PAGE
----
“How are we helping kids feel supported, feel safe, make healthy decisions?” Jones asks. “And then for kids who need a higher level of support, how are we identifying those kids and how are we connecting them to those that care?”

A 2022 study found that 41% of adolescents who died of an overdose between July 2019 and December 2021 had a known mental health problem or history of receiving mental health care, while only 11% had a history of receiving substance-use treatment. However, mental health issues are not the only underlying factor.

Jones says it’s important to look at the social determinants of health and how to reduce stress in the home, which can increase the risk of substance use. He cited a recent study that found there were reduced rates of substance use and substance-use disorder among adults in the home in states with more generous supplemental nutrition assistance programs (SNAP). (When parents use opioids, there’s a greater risk of children being substance abusers.)

“To me, that’s prevention science right at work. What are we doing to support kids, and how are we also supporting families and healthy relationships? But then, how are we looking at a bigger picture as well?” Jones asks.

He says school social workers play an important role, especially in the school/community/family dynamic, to help address and uncover issues that are contributing to risk.

April Ferguson, LCSW-C, a senior practice associate at NASW with expertise on children and adolescents, says school social workers often are only called in when there’s a crisis.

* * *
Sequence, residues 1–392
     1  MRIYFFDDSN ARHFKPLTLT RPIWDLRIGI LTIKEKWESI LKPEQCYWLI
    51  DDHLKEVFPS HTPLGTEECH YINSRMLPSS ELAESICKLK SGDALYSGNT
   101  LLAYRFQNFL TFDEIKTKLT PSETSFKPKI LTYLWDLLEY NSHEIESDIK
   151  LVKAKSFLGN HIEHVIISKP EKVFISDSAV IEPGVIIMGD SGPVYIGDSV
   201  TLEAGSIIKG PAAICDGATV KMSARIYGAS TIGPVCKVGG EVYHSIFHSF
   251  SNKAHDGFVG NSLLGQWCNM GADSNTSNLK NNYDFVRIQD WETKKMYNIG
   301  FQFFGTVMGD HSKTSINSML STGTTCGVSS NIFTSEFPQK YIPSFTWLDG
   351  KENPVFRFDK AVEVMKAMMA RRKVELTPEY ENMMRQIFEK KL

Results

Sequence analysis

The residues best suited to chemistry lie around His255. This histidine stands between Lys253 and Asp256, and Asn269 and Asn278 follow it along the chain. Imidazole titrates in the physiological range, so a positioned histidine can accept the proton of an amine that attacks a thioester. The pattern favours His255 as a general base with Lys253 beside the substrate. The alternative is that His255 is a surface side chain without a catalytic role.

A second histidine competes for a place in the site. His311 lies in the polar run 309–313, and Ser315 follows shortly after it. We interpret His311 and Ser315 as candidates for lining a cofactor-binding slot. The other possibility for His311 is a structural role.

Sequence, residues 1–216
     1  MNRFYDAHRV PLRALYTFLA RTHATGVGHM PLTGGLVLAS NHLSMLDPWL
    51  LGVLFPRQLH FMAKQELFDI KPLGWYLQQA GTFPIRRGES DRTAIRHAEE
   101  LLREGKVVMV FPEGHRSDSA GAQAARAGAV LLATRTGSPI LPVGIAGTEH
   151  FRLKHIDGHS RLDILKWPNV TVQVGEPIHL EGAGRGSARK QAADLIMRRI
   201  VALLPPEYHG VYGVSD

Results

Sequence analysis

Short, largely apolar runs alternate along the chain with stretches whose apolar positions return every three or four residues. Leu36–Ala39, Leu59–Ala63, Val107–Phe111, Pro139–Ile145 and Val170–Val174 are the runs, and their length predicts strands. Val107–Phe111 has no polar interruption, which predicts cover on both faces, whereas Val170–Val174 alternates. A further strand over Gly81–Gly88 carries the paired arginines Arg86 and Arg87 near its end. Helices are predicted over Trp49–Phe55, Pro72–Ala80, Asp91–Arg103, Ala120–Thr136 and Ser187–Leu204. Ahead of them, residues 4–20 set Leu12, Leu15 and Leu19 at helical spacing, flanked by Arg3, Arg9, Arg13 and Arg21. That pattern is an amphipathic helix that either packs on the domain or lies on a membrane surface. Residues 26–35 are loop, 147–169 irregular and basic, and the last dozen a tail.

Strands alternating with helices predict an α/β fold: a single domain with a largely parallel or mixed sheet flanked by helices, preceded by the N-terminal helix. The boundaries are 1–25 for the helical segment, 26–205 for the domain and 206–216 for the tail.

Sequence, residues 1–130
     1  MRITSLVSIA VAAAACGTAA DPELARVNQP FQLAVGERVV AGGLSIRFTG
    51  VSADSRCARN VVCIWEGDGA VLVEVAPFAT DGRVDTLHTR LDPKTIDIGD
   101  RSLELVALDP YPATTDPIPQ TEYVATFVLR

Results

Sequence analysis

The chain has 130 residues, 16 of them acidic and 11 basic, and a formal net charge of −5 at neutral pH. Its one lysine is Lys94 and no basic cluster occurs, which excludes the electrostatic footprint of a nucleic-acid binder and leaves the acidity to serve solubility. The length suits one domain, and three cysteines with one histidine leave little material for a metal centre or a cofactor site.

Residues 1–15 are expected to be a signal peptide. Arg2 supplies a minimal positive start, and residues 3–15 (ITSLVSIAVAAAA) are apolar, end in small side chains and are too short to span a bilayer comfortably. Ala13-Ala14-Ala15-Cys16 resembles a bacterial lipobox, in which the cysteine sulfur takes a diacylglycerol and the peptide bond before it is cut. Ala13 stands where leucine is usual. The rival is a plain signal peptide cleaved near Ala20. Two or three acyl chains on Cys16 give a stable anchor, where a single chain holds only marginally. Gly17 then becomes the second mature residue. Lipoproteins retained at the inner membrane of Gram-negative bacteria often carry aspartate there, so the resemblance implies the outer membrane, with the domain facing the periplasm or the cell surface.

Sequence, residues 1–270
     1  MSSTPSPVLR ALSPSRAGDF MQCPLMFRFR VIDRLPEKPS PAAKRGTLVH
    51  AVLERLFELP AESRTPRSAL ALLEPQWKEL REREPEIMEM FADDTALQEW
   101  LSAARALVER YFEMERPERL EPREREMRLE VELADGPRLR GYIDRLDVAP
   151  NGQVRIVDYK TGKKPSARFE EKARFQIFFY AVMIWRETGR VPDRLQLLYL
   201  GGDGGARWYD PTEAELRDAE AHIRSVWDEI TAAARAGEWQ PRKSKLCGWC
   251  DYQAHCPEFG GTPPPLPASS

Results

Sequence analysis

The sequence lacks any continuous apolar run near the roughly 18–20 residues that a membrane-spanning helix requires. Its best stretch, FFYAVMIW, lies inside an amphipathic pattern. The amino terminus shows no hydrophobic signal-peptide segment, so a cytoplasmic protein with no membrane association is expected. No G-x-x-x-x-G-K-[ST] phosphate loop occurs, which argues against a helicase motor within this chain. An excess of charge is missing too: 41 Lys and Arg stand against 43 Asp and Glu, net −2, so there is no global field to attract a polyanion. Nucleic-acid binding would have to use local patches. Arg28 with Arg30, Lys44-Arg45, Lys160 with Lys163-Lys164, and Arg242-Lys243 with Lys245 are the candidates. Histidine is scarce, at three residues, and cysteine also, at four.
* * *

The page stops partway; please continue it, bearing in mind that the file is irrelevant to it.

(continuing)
“Schools don’t always know what to do with the school social worker. I think it’s not always clear that social workers can address substance use. We can provide psychoeducation, we can address recidivism, we can offer mental health services, we can do assessments,” Ferguson says, adding that she’s hearing similar sentiments from school social workers around the country. A widely held view is that schools need to address the underlying issues leading to drug use among teens, and social workers need to be part of prevention efforts.

“We’re on the back end of a problem versus we could have been in the front, coming up with solutions to avoid problems,” Ferguson says.

The Holistic Approach

broom wiping pills 2

Peter Karys, LCSW, CPP, CASAC, is the director of youth counseling and support at The Lesbian, Gay, Bisexual & Transgender Community Center in New York City. The center has an after-school program for LGBTQ+ teens that provides activities and a range of substance-use services, including counseling.

Karys, who has worked with teens for 15 years, says a big part of their program is providing a safe affirming space for LGBTQ+ youth to make friends and find community and support.

“We know that there’s a higher prevalence of use among youth in our community, often because of isolation, family rejection or bullying, harassment, or not having access to affirming care, like affirming mental health care or medical care,” Karys says.

Substance use often is a coping mechanism because LGBTQ+ youth don’t feel like they have other tools or resources or support networks available, Karys says. (Of course, this can apply to youth across the board.) Part of the center’s prevention efforts are aimed at kids who are just being exposed to drugs but aren’t serious users.

With the recovery and treatment program for the serious users, Karys says they take a holistic approach. Rather than telling the person to stop using, they look at the factors leading to their substance use and what the teen is getting out of it. “It’s serving a purpose and we can’t just take it away without giving them the skills or the tools they need. We’re never trying to shame anyone for what they’re doing, because we’re realizing it’s a survival strategy. ... We generally find that (approach is) more successful in terms of outcomes and youth being engaged and motivated.”